I was a little shocked (excuse the pun) when I read that but I’m assuming it been done out of desperation rather than malice. Telling sleepless she/he’s wrong wont help the problem. Maybe you should take your cat to the vets sleepless and asks their opinion rather than resorting to desperate actions?
post #17 of 19
Mine all wake up - again!- at 5 am, (the first time is around 2 and 3 am) and if we are lucky will keep themselves amused playing in the living room or somewhere else. Unfortunately, what usually happens is that one of them notices we aren't there and comes looking for us - and finds us in the bedroom, asleep. Now, sleep is fine they say, except when they want to play. Lion isn't too bad - he jumps up on the bed and cuddles in for a while then wanders off and finds stuff to play with on his own. Abbie and Freija are opportunists and realize that there is a comfortable bed here and will settle down and deside to sleep. So will Tristan. Bear, however, is a wuss - he doesn't want to sleep and he doesn't want to play on his own - he wants ME to play with him! So, he starts this plaintive, loud "oh don't you feel so sorry for lonely little ole' me" meow and keeps it up. If I ignore him he jumps on the dresser and starts knocking things off. When I do get up, he runs off into the living room and starts his "let's play!" side jumps at me.

So, bedtime routine includes playing with the cats before we go to bed, and then getting up at 5 to give Bear, Lion and Freija quick tussle. Bear does't need a lot of playing, just a bit of attention for about 5 minutes - and then I am back to bed. If Bear continues to meow for attention, I will then give them their breakfast and go back to bed. That generally seems to keep them satisfied until it is time for us to get up.

Cats are nocturnal creatures and while they make a lot of adaptations to our lifestyle, sometimes their own natural rhythms are just too powerful to ignore.

Of course, on those nights when they insist on playing ALL Night Long, I just close the bedroom door!

Nicky, the only thing I can suggest is to keep your kitty in your room with you on Christmas Eve and overnight - maybe even moving her litter box and food dishes there, and you be prepared to wake up and play with her or give her attention when she meows.

Of course - why anyone would want to sleep in as late as 6 am on Christmas morning is beyond me! I would be with your brother and sister waiting to open presents! Heheheh

Kathryn
post #18 of 19
Kathryn – all her stuff is in my room already. I guess we’re going to have too get up at 6 

It’s my boyfriends first Christmas with us ( he’s Sikh so doesn’t really celebrate it at home) so he’ll be up anyway as excited as the cat!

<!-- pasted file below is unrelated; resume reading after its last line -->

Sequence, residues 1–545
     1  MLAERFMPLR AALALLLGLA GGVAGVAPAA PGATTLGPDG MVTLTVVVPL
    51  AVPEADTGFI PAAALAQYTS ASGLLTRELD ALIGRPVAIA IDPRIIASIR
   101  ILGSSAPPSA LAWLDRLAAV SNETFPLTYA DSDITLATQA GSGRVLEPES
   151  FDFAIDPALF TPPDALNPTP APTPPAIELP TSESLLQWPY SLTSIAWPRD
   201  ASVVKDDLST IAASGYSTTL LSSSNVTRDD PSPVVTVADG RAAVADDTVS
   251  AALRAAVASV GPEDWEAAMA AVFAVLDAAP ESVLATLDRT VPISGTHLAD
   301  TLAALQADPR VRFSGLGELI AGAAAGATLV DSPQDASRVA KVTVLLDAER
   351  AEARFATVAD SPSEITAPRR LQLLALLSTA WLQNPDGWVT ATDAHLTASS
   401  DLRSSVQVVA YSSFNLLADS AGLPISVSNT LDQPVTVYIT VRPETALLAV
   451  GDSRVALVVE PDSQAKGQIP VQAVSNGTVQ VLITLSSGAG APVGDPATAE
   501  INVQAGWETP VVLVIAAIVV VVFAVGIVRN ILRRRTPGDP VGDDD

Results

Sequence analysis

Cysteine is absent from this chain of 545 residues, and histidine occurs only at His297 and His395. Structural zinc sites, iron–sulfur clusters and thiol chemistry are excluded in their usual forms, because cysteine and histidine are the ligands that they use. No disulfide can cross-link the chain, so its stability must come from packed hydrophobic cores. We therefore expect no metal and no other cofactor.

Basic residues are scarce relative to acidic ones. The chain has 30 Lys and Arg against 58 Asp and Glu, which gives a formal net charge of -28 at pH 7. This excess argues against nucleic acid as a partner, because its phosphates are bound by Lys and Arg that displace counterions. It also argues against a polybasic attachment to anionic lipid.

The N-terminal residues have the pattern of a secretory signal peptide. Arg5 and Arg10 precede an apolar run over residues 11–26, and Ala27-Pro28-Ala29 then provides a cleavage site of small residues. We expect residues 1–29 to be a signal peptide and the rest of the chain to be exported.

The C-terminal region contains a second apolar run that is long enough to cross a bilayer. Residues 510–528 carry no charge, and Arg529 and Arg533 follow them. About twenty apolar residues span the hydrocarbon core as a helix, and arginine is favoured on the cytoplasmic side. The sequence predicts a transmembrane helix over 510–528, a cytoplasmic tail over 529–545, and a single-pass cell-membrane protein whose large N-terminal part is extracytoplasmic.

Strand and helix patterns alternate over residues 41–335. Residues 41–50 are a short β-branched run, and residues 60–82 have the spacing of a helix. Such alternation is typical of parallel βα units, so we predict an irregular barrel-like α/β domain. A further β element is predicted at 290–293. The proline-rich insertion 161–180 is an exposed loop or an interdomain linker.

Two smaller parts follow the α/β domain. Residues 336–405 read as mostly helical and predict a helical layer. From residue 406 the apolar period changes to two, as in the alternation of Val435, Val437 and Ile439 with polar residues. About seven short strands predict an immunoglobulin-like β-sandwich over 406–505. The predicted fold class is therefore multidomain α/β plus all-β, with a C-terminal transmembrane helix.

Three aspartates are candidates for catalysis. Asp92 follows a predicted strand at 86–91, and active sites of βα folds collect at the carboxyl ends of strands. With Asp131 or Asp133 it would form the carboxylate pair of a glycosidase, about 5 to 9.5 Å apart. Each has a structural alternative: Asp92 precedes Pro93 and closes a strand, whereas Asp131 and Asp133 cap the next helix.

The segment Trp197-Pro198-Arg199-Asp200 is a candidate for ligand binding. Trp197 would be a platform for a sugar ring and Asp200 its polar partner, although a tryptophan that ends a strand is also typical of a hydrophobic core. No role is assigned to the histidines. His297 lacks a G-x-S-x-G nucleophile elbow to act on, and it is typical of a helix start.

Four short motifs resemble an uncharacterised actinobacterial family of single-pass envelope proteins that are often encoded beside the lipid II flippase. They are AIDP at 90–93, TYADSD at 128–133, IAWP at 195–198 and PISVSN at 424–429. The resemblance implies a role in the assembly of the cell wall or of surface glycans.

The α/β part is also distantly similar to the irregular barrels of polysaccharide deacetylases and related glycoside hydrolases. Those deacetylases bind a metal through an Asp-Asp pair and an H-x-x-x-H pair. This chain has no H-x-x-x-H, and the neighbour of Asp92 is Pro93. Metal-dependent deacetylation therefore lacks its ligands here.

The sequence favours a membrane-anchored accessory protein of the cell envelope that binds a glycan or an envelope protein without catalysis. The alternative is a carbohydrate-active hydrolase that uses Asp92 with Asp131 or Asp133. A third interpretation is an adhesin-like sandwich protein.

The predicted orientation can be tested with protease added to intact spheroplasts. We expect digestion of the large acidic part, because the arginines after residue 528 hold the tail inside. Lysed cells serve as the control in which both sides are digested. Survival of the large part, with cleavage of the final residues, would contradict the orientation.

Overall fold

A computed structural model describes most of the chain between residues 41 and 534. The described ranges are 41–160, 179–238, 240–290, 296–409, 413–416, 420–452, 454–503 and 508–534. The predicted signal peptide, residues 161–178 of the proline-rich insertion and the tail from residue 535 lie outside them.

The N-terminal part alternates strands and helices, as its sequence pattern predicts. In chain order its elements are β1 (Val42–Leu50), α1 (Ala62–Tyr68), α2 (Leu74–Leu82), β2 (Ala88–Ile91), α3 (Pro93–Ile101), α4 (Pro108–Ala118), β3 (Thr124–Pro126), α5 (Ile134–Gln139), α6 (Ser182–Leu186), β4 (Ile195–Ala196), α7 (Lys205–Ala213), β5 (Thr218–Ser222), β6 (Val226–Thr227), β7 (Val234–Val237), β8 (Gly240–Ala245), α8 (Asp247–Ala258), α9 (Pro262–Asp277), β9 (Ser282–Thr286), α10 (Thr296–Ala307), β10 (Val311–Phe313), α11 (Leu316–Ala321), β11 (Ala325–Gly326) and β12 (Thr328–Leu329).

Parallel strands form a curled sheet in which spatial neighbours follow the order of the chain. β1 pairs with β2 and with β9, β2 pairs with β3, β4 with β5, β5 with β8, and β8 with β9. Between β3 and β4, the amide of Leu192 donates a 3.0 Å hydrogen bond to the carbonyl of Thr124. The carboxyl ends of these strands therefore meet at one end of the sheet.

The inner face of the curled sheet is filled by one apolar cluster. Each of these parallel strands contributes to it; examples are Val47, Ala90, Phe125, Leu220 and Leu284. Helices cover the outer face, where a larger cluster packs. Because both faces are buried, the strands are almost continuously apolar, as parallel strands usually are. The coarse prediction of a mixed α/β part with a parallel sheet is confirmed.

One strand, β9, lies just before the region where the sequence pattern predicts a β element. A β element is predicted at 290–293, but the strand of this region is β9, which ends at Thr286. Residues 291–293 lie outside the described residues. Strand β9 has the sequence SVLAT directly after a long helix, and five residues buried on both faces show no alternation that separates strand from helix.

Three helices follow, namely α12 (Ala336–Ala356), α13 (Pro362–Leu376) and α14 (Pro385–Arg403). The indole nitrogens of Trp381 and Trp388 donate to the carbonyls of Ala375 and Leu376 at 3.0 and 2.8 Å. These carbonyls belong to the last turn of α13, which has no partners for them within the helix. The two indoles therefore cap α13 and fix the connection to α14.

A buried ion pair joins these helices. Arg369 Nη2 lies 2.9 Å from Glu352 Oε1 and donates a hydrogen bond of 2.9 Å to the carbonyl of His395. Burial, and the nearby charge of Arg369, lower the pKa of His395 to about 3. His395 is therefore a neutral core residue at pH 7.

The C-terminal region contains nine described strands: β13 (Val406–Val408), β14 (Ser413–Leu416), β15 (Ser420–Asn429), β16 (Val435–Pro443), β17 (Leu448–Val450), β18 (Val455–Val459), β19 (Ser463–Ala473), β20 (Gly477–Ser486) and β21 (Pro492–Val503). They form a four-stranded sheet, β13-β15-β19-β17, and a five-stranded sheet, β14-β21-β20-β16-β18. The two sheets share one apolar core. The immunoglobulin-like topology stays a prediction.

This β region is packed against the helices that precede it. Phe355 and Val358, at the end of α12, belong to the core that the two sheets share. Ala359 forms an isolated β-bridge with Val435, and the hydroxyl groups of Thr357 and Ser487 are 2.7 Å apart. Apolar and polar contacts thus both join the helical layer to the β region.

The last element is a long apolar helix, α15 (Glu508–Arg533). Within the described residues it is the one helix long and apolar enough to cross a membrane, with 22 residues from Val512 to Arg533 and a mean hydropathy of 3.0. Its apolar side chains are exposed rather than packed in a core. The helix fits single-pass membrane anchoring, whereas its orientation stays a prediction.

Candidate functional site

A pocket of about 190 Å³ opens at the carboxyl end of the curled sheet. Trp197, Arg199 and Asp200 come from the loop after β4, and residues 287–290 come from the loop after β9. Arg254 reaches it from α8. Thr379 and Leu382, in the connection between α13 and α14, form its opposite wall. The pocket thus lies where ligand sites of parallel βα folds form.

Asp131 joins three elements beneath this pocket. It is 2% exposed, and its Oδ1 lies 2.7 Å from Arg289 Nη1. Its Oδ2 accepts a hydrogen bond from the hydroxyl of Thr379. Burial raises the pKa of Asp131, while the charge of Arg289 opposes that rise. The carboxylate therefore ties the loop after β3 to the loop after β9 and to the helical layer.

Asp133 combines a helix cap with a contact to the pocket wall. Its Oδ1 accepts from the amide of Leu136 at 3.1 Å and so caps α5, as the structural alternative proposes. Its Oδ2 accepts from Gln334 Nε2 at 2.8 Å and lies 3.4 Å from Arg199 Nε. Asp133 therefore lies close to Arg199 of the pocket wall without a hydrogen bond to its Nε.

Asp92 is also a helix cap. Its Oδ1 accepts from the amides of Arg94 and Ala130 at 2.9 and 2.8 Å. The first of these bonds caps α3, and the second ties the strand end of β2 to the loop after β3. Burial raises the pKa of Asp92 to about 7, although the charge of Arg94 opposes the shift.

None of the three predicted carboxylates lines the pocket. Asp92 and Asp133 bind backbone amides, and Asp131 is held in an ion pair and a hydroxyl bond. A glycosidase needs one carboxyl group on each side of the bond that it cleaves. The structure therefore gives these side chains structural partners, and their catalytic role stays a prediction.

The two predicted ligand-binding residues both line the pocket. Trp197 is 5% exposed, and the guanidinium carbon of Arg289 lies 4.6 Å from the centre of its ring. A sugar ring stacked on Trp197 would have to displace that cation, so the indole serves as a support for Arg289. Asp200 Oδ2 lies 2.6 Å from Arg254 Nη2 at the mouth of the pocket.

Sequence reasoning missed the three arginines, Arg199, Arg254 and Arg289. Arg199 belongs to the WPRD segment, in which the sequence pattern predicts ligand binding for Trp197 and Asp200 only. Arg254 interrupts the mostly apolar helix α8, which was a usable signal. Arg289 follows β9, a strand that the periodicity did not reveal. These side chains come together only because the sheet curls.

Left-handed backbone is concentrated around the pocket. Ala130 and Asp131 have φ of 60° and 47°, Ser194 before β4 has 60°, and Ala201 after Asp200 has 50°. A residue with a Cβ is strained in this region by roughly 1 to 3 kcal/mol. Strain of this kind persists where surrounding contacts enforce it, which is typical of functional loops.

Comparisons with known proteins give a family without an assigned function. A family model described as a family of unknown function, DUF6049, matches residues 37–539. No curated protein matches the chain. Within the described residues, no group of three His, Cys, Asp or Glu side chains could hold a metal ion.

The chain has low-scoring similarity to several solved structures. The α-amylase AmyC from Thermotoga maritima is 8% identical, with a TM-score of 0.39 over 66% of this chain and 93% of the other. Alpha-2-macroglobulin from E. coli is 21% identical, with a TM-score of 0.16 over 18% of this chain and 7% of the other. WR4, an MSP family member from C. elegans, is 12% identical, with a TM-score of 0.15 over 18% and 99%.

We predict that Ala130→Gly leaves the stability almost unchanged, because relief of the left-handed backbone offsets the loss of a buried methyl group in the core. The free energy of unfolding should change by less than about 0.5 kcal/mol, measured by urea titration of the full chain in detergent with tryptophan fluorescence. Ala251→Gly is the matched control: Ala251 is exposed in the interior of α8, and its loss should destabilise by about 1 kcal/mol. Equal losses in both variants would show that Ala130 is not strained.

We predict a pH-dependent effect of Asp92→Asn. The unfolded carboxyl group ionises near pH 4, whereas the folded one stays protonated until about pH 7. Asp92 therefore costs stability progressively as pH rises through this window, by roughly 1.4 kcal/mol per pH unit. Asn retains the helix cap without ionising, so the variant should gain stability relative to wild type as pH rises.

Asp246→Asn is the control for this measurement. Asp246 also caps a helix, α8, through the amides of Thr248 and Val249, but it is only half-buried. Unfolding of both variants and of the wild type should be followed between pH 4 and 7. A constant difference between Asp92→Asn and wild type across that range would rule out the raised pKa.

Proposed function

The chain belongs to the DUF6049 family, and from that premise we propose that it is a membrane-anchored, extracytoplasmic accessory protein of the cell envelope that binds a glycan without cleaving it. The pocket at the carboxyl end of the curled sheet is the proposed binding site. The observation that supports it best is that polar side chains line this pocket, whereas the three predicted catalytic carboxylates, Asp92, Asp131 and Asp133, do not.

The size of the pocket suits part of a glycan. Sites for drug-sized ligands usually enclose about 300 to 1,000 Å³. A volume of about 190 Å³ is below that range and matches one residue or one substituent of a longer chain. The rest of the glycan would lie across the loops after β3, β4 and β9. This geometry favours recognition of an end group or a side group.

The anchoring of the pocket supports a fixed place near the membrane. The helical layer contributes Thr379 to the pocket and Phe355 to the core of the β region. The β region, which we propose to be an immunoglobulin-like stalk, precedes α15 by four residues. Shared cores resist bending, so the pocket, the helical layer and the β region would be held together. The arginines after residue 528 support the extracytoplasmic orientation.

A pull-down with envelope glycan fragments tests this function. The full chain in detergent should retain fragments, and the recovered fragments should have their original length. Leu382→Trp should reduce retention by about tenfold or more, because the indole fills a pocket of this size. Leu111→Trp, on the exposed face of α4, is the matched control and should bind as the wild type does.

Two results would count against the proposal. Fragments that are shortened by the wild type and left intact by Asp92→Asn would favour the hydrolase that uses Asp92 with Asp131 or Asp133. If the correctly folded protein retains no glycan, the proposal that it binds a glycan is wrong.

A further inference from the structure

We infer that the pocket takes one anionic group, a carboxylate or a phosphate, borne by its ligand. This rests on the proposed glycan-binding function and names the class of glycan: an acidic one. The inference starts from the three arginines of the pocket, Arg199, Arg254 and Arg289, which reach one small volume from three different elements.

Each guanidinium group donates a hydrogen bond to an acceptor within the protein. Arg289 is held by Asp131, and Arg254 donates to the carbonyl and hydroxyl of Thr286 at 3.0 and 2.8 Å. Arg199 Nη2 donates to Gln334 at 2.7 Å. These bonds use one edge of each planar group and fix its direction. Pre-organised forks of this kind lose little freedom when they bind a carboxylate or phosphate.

I think the plan is to play with her non-stop for a day or two and not let her sleep then try again when we get back from the pub Xmas eve. Hopefully she’ll be way too tired to get up then. Either than or invest in some earplugs or find a pet shop that stocks kitty chloroform!
post #19 of 19
Quote:
Originally Posted by maverick_kitten
Kathryn – all her stuff is in my room already. I guess we’re going to have too get up at 6 

It’s my boyfriends first Christmas with us ( he’s Sikh so doesn’t really celebrate it at home) so he’ll be up anyway as excited as the cat!

I think the plan is to play with her non-stop for a day or two and not let her sleep then try again when we get back from the pub Xmas eve. Hopefully she’ll be way too tired to get up then. Either than or invest in some earplugs or find a pet shop that stocks kitty chloroform!
That should certainly help a lot . . . but from the sounds of it, your boyfriend might end up waking up the cat, heheheh:-)! I hope you have a really fun Christmas, and remember, you can always slip in a quick nap in the afternoon either while dinner is in the oven or after you have eaten. The cat will be worn out from all the wonderful adventures among the wrapping paper by then:-).

fwiw - I too was appalled that anyone would use a shock collar on a cat! I don't agree with their use on dogs either, but on a cat all it will do is make the poor animal neurotic, paranoid, aggressive and anti-social. It will do nothing to address the behaviour you want to change. You don't train cats by 'discipline', you take advantage of their existing natural tendencies and find ways to make the behaviour you want to encourage easier for them to do than the behaviours you want them to stop. One question. Have you tried wearing the collar yourself - perhaps on your wrist since I doubt it would fit your neck - and trying out what it feels like? I think that is in order before you throw it away permanently.

Kathryn